As referendum nears, faithful push for traditional marriage

Bishop Willard E. Saunders Jr. quieted his Cherry Hill sanctuary Sunday morning, signaling for the music and the hallelujahs to stop so his words would come across clearly.

"If something is perfect, it does not need changing," Saunders said, his image beaming from two screens on either side of the pulpit. "You can't redefine what God has already called perfect.

"Marriage, the institution, is perfect," he continued. "It is the people who are imperfect."

The Hour of Power sermon was repeated in black churches across Maryland Sunday and will keep going all month, part of a coordinated effort by opponents of same-sex marriage to spread their message from the pulpit leading up to the referendum on Nov. 6. The Archdiocese of Baltimore, though technically not part of the "Marriage Sundays" effort, encouraged its priests to talk about the coming same-sex marriage referendum Sunday since the set scripture focused on marriage.

The churches are placing a particular emphasis on African-American voters because many are becoming open to same-sex marriage after President Barack Obama and the NAACP's board of directors announced their support for it. Black communities have long been seen as critical to both sides of the marriage question in Maryland — they made up about a quarter of the electorate four years ago and are expected to come out to vote in similar numbers this fall.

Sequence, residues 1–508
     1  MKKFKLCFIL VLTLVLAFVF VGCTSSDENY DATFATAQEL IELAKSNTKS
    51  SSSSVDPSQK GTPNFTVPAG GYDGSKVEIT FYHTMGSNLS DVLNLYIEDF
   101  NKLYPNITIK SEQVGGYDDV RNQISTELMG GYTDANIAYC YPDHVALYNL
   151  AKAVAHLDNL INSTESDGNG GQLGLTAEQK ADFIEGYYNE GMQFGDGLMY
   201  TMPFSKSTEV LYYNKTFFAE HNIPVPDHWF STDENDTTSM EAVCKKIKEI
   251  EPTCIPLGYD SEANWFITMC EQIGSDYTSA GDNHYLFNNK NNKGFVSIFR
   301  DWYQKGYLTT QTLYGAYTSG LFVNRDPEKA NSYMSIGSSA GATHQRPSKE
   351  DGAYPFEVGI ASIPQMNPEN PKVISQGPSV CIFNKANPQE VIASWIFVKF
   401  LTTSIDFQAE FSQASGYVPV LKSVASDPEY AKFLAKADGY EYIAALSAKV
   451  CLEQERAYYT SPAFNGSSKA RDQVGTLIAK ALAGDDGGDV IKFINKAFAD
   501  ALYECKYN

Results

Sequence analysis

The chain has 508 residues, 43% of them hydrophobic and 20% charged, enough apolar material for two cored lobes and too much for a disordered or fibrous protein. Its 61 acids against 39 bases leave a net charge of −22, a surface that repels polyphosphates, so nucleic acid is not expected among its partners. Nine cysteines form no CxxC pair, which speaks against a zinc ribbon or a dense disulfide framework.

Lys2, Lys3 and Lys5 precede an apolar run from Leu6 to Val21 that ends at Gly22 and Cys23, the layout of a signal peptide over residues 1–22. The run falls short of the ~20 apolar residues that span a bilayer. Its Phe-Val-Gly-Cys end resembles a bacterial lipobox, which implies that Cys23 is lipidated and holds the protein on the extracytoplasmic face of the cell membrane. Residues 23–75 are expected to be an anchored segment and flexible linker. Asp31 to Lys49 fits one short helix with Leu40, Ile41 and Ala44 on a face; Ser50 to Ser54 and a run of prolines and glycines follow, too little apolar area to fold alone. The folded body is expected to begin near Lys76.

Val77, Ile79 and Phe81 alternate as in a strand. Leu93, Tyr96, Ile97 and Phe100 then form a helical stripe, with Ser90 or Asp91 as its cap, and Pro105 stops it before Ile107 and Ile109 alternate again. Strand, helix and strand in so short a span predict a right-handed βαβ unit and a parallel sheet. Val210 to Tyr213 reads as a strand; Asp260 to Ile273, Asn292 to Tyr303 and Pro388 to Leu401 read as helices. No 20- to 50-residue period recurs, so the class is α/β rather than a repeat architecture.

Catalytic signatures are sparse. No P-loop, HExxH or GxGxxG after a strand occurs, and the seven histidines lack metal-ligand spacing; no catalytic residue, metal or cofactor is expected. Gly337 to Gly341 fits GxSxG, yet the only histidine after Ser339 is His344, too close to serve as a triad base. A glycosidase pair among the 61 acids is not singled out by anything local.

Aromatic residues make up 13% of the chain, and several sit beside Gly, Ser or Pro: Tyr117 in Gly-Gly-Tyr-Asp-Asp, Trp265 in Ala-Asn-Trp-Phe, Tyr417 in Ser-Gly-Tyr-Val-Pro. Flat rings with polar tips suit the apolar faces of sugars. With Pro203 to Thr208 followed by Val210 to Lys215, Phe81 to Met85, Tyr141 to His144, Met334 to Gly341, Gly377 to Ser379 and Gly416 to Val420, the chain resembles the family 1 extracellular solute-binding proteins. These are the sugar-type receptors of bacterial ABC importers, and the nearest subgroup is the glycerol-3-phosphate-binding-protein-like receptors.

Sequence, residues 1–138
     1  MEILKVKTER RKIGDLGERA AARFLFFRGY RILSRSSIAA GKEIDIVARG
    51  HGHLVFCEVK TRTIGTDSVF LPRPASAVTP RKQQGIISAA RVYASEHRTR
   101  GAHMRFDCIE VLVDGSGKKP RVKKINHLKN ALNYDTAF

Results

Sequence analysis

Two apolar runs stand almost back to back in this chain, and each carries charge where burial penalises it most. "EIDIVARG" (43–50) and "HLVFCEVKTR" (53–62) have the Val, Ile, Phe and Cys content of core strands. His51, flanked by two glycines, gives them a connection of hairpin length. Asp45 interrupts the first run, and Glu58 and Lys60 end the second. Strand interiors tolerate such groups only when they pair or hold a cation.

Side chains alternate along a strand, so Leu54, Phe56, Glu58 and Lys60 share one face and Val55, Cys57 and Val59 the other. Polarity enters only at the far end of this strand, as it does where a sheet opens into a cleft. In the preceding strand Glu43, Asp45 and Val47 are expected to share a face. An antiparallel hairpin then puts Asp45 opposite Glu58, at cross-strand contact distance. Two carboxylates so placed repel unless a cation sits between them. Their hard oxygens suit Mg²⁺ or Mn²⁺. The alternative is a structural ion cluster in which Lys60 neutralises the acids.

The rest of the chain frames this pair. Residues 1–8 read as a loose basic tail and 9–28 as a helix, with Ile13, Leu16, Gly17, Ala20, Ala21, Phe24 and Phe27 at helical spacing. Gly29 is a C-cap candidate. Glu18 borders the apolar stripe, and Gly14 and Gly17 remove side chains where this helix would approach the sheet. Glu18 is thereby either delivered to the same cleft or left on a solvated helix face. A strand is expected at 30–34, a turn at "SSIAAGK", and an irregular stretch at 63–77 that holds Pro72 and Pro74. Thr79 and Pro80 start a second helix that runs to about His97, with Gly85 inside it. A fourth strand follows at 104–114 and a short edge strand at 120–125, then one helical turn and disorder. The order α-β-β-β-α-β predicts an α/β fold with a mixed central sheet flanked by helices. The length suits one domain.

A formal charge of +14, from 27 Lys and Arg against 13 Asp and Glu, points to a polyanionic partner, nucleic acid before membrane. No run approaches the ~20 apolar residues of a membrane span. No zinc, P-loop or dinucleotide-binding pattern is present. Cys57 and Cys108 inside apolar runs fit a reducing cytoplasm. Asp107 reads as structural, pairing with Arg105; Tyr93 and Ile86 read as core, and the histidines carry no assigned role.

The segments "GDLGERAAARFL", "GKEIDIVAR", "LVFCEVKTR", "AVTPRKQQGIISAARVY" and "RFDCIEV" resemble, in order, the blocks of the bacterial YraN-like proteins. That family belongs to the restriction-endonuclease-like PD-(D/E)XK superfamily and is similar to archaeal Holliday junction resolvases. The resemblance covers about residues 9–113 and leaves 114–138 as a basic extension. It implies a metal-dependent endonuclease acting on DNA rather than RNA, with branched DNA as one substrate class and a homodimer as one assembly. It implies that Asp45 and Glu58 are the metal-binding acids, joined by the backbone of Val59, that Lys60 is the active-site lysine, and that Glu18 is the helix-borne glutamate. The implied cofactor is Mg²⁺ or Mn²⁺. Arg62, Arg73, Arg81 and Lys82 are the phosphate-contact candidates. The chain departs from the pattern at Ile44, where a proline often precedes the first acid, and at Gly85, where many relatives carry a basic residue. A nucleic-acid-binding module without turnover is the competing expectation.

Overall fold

Polls, including a recent survey by The Baltimore Sun, show the demographic is moving in favor of same-sex marriage, though the support is soft.

Faith communities are not monolithic, and some prominent black pastors and Catholics are rooting for passage of Question 6, which would legalize gay unions, even if they wouldn't perform those weddings in their own sanctuaries.

"This is about whether we will live in a society where everyone is treated equally under the law, or whether we will have one standard for some and another standard for others," said the Rev. Donte L. Hickman Sr., pastor of Southern Baptist Church, in a recent email.

"I will uphold the rights of all people, regardless of their religious beliefs and personal choices," he said.

Other powerful ministers are staying on the sidelines. The Rev. Jamal Bryant, of the Empowerment Temple, personally opposes same-sex marriage but will not be active in the campaign to defeat it at the ballot box, according to a spokeswoman. He did not return calls seeking comment.